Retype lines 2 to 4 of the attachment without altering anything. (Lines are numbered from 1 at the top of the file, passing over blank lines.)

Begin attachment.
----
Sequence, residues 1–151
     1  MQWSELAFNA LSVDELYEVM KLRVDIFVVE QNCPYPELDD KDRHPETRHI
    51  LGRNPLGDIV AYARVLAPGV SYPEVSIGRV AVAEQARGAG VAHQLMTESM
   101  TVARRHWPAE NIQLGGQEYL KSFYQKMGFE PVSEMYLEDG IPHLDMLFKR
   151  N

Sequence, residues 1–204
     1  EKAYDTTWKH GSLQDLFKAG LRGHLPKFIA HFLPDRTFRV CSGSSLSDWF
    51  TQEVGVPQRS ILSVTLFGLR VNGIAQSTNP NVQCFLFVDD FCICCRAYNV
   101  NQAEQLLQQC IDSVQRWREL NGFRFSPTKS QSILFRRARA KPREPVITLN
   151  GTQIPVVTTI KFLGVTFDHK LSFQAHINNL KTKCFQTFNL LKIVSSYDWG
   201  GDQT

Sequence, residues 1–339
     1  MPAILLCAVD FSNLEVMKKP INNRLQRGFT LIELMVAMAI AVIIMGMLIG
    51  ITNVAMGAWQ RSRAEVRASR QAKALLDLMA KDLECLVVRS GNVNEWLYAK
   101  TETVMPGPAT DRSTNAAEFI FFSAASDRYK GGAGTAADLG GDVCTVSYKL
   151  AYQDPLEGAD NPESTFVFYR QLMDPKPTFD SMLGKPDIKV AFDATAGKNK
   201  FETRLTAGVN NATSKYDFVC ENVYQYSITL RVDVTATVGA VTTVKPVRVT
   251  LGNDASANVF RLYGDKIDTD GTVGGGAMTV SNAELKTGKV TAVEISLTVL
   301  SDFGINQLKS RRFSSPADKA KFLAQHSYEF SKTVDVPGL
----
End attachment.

     1  MQWSELAFNA LSVDELYEVM KLRVDIFVVE QNCPYPELDD KDRHPETRHI
    51  LGRNPLGDIV AYARVLAPGV SYPEVSIGRV AVAEQARGAG VAHQLMTESM
   101  TVARRHWPAE NIQLGGQEYL KSFYQKMGFE PVSEMYLEDG IPHLDMLFKR